The paper seeks to assess the macroeconomic implications of large-scale inward remittances for a small open economy. By including remittances in several standard models, the paper concludes that the overall macroeconomic impact of remittances is likely to be ambiguous. The impact depends on the structural characteristics of the receiving country, in particular its consumption and investment patterns, and its capacity to manage large financial inflows. As data deficiencies and methodological problems associated with remittances preclude crosscountry empirical investigation, the paper illustrates these findings with data on Tajikistan, where remittances as a share of GDP are among the highest in the world. The paper also evaluates the pros and cons of remittances in a broader political economy context.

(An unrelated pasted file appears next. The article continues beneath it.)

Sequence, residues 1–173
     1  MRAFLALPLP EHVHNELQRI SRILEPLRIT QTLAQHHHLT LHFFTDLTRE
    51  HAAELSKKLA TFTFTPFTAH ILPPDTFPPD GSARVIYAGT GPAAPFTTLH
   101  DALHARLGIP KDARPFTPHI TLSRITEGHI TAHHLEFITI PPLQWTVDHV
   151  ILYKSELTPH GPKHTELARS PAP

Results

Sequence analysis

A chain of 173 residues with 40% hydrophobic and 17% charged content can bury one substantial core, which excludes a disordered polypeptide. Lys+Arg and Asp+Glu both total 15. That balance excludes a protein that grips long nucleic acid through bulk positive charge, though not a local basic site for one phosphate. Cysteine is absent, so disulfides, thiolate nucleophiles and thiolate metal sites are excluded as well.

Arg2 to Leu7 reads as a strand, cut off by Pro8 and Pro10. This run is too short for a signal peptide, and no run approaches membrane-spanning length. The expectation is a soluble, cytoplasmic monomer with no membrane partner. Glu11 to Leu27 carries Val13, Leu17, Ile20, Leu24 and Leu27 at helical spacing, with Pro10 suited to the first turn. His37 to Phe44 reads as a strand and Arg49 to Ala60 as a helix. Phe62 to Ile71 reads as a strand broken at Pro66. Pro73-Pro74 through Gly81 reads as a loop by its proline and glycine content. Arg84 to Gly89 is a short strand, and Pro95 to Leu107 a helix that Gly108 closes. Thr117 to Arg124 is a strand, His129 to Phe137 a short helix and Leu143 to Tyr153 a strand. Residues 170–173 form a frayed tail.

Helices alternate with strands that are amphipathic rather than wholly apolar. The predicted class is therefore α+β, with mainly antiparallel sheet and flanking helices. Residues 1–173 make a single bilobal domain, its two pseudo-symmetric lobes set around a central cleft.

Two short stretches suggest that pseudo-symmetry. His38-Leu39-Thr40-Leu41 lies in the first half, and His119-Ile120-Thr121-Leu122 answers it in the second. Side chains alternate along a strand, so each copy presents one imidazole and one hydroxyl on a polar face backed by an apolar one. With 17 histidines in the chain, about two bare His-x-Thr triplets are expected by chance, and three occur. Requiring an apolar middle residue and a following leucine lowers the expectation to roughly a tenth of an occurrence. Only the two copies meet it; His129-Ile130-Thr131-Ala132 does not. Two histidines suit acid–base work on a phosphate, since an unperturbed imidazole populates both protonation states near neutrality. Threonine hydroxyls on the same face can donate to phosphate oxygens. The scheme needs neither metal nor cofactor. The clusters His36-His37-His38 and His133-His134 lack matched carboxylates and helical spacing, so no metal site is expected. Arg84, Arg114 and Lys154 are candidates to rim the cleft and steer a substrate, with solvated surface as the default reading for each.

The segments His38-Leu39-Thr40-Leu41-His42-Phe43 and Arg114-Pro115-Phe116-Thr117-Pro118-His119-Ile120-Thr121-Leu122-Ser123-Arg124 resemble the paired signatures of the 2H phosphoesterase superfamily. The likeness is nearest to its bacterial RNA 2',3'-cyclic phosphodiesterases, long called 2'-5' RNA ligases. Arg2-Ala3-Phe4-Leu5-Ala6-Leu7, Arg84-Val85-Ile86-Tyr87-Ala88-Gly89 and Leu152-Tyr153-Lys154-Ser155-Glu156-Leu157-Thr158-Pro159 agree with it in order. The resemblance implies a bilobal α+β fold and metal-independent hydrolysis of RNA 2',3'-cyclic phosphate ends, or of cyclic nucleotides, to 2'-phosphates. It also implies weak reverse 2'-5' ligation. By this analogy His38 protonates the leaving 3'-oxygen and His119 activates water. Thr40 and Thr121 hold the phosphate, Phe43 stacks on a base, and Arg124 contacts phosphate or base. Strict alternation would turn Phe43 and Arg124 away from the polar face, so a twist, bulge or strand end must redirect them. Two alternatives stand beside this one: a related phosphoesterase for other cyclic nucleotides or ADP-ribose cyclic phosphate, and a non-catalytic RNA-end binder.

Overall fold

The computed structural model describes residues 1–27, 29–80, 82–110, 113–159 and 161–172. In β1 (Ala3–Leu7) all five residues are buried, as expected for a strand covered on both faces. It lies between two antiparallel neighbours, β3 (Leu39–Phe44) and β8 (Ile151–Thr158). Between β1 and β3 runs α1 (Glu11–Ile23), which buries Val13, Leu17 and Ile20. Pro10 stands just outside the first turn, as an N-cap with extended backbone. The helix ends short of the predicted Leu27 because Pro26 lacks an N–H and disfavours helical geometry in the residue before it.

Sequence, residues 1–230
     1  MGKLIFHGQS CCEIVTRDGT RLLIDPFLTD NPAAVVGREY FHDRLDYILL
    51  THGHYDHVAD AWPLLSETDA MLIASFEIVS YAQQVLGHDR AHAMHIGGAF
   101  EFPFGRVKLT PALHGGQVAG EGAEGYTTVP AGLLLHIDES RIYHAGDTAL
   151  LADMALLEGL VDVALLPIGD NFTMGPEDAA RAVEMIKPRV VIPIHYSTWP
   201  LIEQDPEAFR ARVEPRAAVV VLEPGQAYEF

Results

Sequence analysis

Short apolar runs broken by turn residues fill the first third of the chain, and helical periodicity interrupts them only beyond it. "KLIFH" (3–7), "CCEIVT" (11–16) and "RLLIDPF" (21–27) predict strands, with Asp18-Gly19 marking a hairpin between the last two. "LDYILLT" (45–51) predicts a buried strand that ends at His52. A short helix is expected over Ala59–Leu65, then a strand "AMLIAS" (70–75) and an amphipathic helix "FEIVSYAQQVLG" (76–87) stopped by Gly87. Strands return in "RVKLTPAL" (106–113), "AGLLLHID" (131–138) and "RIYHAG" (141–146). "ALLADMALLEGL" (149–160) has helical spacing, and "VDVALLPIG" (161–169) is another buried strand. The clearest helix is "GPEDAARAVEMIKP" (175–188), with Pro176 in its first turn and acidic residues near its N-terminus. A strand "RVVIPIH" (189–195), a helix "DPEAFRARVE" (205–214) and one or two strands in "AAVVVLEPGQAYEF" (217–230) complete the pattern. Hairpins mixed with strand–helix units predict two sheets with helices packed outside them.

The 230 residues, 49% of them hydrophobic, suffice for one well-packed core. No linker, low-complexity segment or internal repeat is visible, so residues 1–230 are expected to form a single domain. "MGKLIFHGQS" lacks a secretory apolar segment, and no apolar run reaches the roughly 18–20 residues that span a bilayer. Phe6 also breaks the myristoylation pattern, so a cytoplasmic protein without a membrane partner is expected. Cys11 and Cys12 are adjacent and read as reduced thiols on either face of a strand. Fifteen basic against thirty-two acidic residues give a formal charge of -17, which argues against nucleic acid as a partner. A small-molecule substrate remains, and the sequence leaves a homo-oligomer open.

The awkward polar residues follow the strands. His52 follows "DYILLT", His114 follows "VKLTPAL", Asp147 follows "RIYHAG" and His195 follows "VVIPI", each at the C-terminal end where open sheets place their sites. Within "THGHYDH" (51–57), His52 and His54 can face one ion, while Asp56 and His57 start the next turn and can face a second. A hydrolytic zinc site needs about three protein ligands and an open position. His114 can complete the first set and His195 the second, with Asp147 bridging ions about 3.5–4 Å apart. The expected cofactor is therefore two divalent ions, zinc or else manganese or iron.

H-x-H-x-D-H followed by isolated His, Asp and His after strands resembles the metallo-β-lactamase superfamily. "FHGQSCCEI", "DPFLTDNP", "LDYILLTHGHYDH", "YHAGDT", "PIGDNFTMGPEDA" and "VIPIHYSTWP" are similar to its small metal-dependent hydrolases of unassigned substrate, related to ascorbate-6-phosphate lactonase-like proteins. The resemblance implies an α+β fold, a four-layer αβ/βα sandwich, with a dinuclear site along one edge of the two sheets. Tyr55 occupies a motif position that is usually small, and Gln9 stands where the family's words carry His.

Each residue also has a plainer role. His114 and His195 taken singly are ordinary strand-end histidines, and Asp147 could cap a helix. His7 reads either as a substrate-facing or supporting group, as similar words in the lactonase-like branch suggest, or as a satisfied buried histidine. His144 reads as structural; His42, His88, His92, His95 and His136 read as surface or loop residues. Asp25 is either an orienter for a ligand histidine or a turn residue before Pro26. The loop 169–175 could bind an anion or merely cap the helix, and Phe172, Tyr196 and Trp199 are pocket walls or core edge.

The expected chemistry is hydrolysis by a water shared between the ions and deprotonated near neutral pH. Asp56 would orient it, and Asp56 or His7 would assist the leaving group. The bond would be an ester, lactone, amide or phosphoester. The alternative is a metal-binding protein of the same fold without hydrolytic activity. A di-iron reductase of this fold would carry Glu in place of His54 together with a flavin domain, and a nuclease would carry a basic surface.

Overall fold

consumption financed by a steady inflow of remittances creates the illusion of financial stability in households, which manifest a strong preference for receiving philanthropic transfers from abroad rather than saving from domestic sources. Declining domestic savings can potentially deplete the resource base for investment and even turn negative, as has already happened in anumberofhigh-remittancecountries.
Remittances outside the banking system may be a more fertile ground for money laundering than remittances through the banking system. The development of